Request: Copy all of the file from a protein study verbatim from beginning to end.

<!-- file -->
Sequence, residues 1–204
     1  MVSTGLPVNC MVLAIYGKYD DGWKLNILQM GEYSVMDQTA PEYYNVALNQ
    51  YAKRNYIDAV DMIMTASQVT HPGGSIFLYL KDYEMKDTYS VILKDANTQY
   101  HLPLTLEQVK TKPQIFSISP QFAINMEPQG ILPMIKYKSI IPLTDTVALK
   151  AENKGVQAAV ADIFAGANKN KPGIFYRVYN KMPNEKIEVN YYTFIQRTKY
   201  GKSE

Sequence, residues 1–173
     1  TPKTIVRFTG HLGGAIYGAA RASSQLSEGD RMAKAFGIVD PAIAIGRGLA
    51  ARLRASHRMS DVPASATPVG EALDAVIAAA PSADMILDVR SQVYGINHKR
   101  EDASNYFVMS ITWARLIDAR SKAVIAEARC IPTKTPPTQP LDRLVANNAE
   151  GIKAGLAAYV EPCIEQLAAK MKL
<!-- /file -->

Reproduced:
Sequence, residues 1–204
     1  MVSTGLPVNC MVLAIYGKYD DGWKLNILQM GEYSVMDQTA PEYYNVALNQ
    51  YAKRNYIDAV DMIMTASQVT HPGGSIFLYL KDYEMKDTYS VILKDANTQY
   101  HLPLTLEQVK TKPQIFSISP QFAINMEPQG ILPMIKYKSI IPLTDTVALK
   151  AENKGVQAAV ADIFAGANKN KPGIFYRVYN KMPNEKIEVN YYTFIQRTKY
   201  GKSE

Sequence, residues 1–173
     1  TPKTIVRFTG HLGGAIYGAA RASSQLSEGD RMAKAFGIVD PAIAIGRGLA
    51  ARLRASHRMS DVPASATPVG EALDAVIAAA PSADMILDVR SQVYGINHKR
   101  EDASNYFVMS ITWARLIDAR SKAVIAEARC IPTKTPPTQP LDRLVANNAE
   151  GIKAGLAAYV EPCIEQLAAK MKL